As I close this season and my tenure at the TSO, I want to extend my deepest gratitude to the TSO community for the commitment to share and enjoy the world of orchestral music. And especially to the musicians, who give us all so much to look forward to and whose reunion with our patrons in the concert hall with Gustavo in just a few short months will make all our past efforts worthwhile. Thank you to everyone who contributed to such an extraordinary year. I believe the power of orchestral music at the TSO will continue to be celebrated by our city, country, and around the world.
Chief Executive Officer
Message from Catherine Beck, Chair of the Board
This was a year that defied expectations, which is no small achievement, since my expectations of our great TSO are, and will always remain, high. When confronted with so many pandemic-related obstacles, our musicians, staff, Board members and volunteers soared. I could not be more proud and moved by what we were able to accomplish this year—and at the centre of it all, the enthralling music continued, all season.
Philanthropy has always played a vital role in the TSO’s history, but given the economic uncertainties our world faced, it was not clear how our donor community would be able to contribute when we began our year. I am beyond delighted to share that not only did donors contribute, but they exceeded what we had hoped. A remarkable $6.8-million was raised from 5,923 donors. Through their incredible generosity they sent all of us a message: music matters; the TSO matters.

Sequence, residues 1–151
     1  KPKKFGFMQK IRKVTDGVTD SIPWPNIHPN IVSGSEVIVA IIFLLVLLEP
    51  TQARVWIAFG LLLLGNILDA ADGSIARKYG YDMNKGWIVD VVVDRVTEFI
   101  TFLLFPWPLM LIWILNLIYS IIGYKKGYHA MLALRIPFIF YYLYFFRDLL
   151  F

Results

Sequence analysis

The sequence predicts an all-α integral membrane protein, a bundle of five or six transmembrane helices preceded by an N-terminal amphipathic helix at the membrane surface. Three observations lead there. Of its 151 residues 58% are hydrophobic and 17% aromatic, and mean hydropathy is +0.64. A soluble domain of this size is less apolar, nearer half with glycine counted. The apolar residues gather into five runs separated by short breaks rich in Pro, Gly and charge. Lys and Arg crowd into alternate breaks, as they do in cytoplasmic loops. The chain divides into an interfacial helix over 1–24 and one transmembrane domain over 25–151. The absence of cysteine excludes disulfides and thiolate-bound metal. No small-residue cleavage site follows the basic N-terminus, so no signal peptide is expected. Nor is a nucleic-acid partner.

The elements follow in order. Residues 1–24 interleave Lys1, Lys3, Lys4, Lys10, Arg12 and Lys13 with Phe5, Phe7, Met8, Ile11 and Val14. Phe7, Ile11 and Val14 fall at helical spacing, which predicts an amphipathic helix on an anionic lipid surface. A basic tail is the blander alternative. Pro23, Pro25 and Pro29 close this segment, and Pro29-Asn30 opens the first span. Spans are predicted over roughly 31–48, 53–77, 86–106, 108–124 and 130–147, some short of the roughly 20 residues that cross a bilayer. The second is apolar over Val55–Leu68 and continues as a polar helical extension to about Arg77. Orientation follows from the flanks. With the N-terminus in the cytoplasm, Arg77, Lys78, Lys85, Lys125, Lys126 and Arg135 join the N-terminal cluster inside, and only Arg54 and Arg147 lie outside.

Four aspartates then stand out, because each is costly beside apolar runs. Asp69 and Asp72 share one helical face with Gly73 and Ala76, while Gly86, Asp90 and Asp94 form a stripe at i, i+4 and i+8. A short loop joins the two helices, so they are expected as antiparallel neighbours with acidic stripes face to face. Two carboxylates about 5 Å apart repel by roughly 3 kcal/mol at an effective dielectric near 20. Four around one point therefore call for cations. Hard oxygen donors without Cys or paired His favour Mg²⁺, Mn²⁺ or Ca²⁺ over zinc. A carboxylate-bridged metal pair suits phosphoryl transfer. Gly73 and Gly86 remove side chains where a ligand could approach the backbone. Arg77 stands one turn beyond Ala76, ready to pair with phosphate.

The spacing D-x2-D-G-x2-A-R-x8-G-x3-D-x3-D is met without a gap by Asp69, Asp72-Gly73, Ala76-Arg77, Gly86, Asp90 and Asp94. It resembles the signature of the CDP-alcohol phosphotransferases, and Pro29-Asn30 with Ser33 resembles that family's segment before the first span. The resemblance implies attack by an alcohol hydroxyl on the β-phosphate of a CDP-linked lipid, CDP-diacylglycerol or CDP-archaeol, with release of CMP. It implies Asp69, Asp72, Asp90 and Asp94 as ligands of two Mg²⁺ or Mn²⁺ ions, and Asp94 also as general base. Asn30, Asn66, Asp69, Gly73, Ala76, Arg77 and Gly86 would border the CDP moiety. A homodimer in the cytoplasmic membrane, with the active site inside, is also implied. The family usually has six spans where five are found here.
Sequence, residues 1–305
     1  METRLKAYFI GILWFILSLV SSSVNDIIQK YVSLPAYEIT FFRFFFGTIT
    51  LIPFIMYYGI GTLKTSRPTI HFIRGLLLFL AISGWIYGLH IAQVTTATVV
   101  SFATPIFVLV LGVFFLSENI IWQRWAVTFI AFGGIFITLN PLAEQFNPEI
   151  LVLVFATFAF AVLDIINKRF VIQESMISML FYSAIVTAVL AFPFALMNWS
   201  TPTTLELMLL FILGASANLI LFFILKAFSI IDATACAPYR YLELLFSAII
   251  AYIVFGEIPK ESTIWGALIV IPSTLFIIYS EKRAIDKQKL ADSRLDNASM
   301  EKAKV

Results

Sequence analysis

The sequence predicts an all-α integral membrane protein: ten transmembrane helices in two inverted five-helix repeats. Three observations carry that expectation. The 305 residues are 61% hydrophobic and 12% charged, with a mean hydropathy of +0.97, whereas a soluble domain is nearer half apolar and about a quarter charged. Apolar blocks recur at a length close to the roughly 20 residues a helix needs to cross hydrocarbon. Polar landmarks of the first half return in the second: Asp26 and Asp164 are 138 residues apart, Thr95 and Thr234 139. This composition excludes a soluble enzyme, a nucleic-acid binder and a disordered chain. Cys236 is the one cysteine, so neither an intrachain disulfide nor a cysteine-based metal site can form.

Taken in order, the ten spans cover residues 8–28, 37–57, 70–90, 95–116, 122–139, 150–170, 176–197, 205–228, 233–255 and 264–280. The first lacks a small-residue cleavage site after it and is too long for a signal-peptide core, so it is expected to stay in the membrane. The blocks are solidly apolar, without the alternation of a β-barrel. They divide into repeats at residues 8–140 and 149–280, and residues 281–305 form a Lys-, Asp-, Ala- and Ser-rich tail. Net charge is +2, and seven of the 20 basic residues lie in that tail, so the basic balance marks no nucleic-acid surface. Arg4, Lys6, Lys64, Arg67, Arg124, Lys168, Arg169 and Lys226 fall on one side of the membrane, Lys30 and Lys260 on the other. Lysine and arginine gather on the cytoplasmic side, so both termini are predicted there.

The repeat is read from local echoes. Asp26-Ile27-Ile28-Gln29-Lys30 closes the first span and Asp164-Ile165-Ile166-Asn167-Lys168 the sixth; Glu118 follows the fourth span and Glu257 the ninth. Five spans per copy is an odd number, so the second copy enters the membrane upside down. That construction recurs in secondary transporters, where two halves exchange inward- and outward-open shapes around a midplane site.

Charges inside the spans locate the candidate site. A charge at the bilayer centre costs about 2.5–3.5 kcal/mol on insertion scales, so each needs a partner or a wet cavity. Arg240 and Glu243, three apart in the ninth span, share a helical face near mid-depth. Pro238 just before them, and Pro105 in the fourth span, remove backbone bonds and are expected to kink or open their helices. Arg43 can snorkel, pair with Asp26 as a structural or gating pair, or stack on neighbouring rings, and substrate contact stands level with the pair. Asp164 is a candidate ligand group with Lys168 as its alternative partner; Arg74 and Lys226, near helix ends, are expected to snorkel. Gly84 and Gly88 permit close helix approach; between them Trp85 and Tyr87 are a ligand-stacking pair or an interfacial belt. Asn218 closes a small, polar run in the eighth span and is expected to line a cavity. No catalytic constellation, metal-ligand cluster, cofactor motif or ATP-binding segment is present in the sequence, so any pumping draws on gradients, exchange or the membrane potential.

I would also like to acknowledge the incredible dedicated members of the Board whose oversight, support, counsel, and very hard work in steering us through this turbulent year has been an exemplar of leadership.
As excitement builds for our return to in-person concerts, and most especially, having Gustavo Gimeno on the podium, I want to offer my gratitude to musicians and the staff, who give so much of themselves to the TSO. When celebrations of our 100th season begin in the spring we will all be able to feel proud that this past year contributed to the foundation for the next 100 years, proving that our orchestra will remain resilient and extraordinary for generations to come.